Being efficient is an art — which I certainly haven’t yet mastered. One of the biggest time consumers for journalists is wading through our email inboxes, trying to establish at a glance where we might find the goods.
I’ve been told that some newspaper editors get thousands of emails per day. As a freelance writer in a specialist area, I receive about 50 emails a day from PRs, sometimes more. It’s still a lot considering that I can only work on a handful of stories at any one time and my forward-planning is limited.
I’m aware that a great deal of time and effort has gone into any press release — planning, writing, proofing, signing off copy with clients, hiring the staff in the first place. Not to mention the energy / environmental cost of a mass mail-out.
Which makes it all the more sad that, most days, the majority of these emails are immediately spiked because they are so completely off the mark, sent to me “just in case” or because the distribution list has been bought, but not checked for suitability.
What a waste of time, money and effort, especially when the sender “circles back” or “reaches out” (I cringe at those phrases) a few days later to find out if said mailing was of interest to me or “my team”.
I work alone, and write about skiing, adventure travel and occasionally some health and fitness. But some of the more off-target releases I received this week have varied from sex toys to cyber security. In hindsight, I guess the sex toys sat loosely under the heading of ‘health’ but very loosely.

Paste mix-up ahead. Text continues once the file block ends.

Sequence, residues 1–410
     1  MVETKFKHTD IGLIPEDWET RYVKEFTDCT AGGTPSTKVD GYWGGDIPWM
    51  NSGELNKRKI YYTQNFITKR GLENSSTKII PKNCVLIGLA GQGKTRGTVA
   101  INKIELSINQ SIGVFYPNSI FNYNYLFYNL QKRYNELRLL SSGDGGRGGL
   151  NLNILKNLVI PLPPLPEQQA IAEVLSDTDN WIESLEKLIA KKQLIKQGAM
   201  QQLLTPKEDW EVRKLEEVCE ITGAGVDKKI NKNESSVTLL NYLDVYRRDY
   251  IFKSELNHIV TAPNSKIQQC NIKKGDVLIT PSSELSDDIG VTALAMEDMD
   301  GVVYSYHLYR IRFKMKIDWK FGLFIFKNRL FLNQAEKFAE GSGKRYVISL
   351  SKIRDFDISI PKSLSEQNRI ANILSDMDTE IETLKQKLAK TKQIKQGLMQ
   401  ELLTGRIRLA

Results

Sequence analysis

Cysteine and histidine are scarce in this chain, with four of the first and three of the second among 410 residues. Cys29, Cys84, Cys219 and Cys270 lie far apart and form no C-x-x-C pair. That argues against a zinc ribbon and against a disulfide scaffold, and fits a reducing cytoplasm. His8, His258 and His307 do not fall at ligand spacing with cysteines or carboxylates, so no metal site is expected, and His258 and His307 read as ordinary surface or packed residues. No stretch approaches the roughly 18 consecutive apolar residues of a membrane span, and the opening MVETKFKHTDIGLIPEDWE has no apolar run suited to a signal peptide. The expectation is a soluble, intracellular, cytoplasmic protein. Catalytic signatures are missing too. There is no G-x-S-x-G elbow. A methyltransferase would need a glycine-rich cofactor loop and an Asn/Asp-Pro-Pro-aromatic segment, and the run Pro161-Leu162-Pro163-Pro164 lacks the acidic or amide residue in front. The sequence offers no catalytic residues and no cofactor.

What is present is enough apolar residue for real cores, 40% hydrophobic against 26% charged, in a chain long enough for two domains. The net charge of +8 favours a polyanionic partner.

I have some fantastic relationships with PRs who I have got to know over the years. They know that I don’t live in London (so can’t pop out for a coffee) and I know I can rely on them for a great story. I see their name in my inbox and it stands out a mile among the plethora of emails about city hotels, makeup, instagrammable sights and other such off-the-mark news for an adventure travel writer.
As far as I’m aware, I’m only registered with Roxhill — I removed myself from other media agencies because my details were being sold globally to PRs totally unrelated to my specialists subjects. Their bio, which has taken time and effort, describes my area of work accurately and says I much prefer a personal approach.
In this time-poor world, of course we don’t always have the means to research every individual we contact, but in the same way I research an editor to whom I plan to pitch, I’d love it if more PRs considered doing the same with writers. In the same way an editor I’ve personally gone to meet will remember my name when I email them, any PR who has taken the time and effort to research me and has made personal contact is likely to find it is time well spent.
The thing is, an unwanted email can do more harm than just ending up in trash. At the wrong time, it can be downright annoying especially when it is sent in response to a very specific call out for stories or duplicated multiple times (like one this week) because my name cropped up on several different lists.
I’m not trying to say anyone is lazy — we live in a tough world and I know there are any number of reasons for the miscommunication. This was brought home recently when I replied to an ill-fired email asking to be removed from their mailing list altogether.
Aghast, the sender (a PR executive) replied that she had been largely self-taught since her “experienced boss” was too busy to help and mentor her.
This is a problem probably exacerbated by home working, but it struck me as a waste of time, money and effort and seemed sad for someone starting out. So I emailed her some friendly advice and was rewarded by being told I’m “cool” — which doesn’t happen every day!
Everyone is pressed for time and budget in this splintering media world but sometimes less is more. A little research and personal contact might pay off with more of your client news reaching publication.